ICC to open investigation of Venezuelan president over ‘crimes against humanity’

Court officials in the Hague announced Thursday that they have opened an investigation into allegations of crimes against humanity against Venezuelan President Nicolas Maduro, alleging that his government has committed killings, torture and persecution against its own citizens as the country’s severe economic crisis has taken hold.

“Venezuela has become an unlawful military dictatorship that has violated its constitutional obligations and trampled upon the human rights of the Venezuelan people,” Richard Bennett, president of the International Criminal Court, said in a statement announcing the investigation. “The high level of violence used against the civilian population, as documented in various public statements and videos by different sources, amounts to crimes against humanity.”

Maduro’s chief accuser, a Washington state man named Julio Borges, said he plans to file a formal complaint with the ICC next week, the Washington Post reported.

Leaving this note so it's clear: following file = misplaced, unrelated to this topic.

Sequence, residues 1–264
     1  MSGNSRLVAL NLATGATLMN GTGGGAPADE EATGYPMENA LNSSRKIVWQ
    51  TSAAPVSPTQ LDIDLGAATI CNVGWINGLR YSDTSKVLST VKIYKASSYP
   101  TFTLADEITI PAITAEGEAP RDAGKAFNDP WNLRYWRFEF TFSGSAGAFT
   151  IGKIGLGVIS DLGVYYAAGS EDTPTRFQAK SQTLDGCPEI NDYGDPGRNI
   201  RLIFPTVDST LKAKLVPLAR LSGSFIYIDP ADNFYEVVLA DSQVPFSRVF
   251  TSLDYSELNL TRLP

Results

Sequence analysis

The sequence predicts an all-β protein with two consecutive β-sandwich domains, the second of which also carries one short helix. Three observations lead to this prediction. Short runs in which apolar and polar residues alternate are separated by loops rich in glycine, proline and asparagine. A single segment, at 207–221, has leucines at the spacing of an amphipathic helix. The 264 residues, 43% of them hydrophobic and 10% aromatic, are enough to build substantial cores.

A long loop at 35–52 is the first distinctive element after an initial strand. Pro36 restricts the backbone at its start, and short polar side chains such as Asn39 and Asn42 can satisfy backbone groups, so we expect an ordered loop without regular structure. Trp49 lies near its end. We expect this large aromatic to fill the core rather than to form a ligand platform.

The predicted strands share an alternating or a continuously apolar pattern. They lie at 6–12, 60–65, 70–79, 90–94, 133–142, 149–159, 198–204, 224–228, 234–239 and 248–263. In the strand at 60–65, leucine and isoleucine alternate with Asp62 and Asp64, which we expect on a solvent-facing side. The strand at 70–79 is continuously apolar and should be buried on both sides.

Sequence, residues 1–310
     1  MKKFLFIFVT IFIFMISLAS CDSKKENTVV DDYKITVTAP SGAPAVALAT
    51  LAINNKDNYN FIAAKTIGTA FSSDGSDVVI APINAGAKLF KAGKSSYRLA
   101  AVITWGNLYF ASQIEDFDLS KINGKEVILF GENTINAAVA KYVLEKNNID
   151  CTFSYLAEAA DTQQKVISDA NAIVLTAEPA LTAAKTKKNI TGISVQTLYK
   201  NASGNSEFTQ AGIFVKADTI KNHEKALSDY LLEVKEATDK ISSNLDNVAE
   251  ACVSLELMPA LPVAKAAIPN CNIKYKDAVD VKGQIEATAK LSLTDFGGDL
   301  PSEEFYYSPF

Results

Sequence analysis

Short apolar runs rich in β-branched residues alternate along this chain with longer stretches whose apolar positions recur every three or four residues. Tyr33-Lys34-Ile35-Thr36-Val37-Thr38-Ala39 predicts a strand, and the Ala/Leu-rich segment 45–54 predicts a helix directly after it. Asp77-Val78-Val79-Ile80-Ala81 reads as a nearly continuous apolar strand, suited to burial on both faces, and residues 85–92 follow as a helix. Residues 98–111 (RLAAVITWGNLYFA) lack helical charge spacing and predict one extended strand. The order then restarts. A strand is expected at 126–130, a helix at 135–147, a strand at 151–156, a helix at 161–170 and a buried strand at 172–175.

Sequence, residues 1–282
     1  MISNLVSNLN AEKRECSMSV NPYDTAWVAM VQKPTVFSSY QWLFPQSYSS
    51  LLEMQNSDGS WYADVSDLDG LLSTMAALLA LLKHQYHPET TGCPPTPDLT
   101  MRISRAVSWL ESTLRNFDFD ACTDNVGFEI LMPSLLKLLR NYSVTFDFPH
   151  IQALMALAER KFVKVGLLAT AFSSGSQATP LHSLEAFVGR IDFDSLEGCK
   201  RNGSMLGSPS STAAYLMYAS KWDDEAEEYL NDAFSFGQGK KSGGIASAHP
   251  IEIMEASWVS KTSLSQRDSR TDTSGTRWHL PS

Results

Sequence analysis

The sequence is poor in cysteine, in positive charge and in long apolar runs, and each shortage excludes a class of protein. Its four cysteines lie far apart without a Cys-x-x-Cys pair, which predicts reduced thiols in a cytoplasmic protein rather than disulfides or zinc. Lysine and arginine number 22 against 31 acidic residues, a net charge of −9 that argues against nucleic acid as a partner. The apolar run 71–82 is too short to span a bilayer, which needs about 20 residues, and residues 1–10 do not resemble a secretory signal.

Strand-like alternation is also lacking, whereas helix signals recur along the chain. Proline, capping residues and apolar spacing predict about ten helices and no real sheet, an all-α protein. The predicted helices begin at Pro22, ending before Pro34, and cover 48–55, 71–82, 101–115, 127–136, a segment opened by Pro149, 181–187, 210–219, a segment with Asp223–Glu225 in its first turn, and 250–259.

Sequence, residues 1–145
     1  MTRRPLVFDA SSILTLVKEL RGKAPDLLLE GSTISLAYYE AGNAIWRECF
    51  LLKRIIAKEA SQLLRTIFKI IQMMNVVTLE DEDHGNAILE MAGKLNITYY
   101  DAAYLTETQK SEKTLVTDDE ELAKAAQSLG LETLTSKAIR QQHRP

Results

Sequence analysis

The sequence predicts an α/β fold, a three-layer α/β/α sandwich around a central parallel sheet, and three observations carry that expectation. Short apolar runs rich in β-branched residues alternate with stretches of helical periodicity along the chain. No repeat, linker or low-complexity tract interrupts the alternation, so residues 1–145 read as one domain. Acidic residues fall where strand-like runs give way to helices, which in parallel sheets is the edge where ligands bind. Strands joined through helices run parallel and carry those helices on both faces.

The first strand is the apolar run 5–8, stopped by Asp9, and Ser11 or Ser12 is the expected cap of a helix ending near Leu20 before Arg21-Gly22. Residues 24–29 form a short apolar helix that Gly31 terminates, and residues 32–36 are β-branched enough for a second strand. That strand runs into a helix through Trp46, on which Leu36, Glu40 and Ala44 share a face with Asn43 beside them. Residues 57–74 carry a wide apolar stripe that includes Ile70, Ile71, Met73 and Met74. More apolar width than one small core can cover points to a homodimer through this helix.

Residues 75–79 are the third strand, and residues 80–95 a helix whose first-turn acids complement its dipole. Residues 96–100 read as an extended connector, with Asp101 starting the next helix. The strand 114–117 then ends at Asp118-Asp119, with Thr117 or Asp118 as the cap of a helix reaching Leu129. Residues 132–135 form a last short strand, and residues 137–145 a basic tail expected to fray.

“Nothing is more important than protecting human rights, whether that is against crimes against humanity or whether that’s against the government of a country,” Borges told the Post. “It’s been a real nightmare for my whole family and other Venezuelans, and what we’re seeing is really serious violations.”

Borges — who represents Venezuela at the Court — accused the president of violating the court’s original mandate to “apply and safeguard the rule of law and protect human rights” by issuing a decree that effectively rendered the chief prosecutor of the Court, Fatou Bensouda, politically independent and defying the constitutional order, according to the Post.

The American’s petition filed Thursday serves as the initial step toward lodging a formal complaint. If it is accepted by the Court, it would provide the body’s judges with enough evidence to launch an investigation and launch a proceeding to hear the case and potentially file a case.

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